In “Collateral Beauty” and “Passengers,” Two Tales of Gaslighting – The New Yorker

Fantasy, even when it’s rooted in practical details and doesn’t involve any metaphysical impossibilities, is the hardest genre to pull off, for the simple reason that life is interesting. A drama or a comedy that sticks close to experience has the intrinsic virtue of documentary—and, as with documentary itself, less is usually more.

In “Collateral Beauty” and “Passengers,” Two Tales of Gaslighting – The New Yorker

My Writing Education: A Time Line – The New Yorker

George Saunders is a gem.

There’s this theory that self-esteem has to do with getting confirmation from the outside world that our perceptions are fundamentally accurate. What Doug does at this meeting is increase my self-esteem by confirming that my perception of the work I’d been doing is fundamentally accurate. The work I’ve been doing is bad. Or, worse: it’s blah. This is uplifting–liberating, even—to have my unspoken opinion of my work confirmed. I don’t have to pretend bad is good. This frees me to leave it behind and move on and try to do something better.

My Writing Education: A Time Line – The New Yorker

Enlightenment on Your iPhone

To pluck some things from the list, while ignoring others, strikes many Buddhists as absurd. McMahan said, “It would be as if somebody went to the Catholic Church and said, ‘I don’t buy all this stuff about Jesus and God, but I really dig this Communion ritual. Would you just teach me how to do that bit? Oh, and I want to start a company marketing wafers.’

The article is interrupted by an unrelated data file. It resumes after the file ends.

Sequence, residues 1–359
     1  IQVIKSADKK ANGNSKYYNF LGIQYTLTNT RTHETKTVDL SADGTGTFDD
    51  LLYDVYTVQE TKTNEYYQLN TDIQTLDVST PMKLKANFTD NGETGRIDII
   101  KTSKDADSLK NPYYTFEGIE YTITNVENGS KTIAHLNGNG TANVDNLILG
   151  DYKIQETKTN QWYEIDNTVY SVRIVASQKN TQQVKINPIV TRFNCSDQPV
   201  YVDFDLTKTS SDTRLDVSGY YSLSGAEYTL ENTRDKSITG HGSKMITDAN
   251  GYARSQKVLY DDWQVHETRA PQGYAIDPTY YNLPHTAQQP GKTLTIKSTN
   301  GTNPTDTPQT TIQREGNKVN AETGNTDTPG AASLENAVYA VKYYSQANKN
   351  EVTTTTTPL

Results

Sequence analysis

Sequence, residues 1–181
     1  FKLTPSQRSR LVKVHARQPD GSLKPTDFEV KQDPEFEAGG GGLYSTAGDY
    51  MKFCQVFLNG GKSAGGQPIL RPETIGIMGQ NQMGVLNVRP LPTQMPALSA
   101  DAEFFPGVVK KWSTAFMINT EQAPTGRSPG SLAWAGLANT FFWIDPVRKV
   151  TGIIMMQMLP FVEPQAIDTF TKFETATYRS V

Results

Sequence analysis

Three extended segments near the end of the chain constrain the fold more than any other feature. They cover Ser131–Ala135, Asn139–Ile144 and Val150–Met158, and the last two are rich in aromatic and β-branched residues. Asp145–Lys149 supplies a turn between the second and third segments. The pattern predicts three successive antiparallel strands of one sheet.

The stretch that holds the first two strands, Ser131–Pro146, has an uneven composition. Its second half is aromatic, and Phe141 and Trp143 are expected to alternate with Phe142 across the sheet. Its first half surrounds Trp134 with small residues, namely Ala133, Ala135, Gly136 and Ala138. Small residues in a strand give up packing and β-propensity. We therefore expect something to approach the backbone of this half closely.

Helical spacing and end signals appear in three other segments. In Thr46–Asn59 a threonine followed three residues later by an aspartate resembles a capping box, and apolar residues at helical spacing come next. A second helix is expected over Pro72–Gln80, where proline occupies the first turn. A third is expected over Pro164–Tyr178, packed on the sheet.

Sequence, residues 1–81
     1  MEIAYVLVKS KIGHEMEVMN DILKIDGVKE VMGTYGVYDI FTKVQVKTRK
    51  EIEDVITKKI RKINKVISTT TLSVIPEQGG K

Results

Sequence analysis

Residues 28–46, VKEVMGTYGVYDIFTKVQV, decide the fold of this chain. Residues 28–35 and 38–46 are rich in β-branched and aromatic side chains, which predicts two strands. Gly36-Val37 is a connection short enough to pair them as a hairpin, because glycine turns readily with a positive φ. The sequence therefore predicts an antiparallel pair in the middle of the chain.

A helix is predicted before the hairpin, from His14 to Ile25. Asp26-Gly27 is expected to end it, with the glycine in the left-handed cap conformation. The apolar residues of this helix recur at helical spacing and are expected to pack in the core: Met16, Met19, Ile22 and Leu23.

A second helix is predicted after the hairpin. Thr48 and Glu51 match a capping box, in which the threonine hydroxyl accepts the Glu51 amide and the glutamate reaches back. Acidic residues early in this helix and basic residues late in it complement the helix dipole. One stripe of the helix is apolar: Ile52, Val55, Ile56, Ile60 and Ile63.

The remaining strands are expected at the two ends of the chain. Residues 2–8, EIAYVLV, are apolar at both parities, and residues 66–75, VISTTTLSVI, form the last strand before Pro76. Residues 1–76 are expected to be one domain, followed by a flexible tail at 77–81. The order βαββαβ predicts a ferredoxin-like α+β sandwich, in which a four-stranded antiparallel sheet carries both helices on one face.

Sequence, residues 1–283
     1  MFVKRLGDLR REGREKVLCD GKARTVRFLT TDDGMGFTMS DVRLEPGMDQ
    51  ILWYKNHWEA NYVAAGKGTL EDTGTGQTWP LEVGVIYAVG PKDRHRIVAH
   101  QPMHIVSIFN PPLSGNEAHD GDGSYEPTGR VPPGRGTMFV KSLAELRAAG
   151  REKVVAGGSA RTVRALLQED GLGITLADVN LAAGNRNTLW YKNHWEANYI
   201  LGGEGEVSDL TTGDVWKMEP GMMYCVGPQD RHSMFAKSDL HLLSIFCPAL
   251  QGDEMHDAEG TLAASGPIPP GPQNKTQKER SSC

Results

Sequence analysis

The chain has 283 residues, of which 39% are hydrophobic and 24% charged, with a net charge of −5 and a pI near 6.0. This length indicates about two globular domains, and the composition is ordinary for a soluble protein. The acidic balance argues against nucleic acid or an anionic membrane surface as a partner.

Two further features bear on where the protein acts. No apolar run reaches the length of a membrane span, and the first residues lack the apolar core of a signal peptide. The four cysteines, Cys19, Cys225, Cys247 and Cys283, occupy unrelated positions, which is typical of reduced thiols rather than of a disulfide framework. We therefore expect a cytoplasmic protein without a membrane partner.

Enlightenment on Your iPhone

We make ourselves lists in order to know if we think what we think.

Sasha Frere-Jones.

There is no finality in a list, just a promise that we will argue about everything listed, adjust our thoughts, and watch our feelings change over time.

Serena Williams Is America’s Greatest Athlete

Serena Williams Is America’s Greatest Athlete

The U.S. Open’s Federer-less Final – The New Yorker

The U.S. Open’s Federer-less Final – The New Yorker

Structure

Almost always there is considerable tension between chronology and theme, and chronology traditionally wins. The narrative wants to move from point to point through time, while topics that have arisen now and again across someone’s life cry out to be collected.

Filed under: John McPhee.

Structure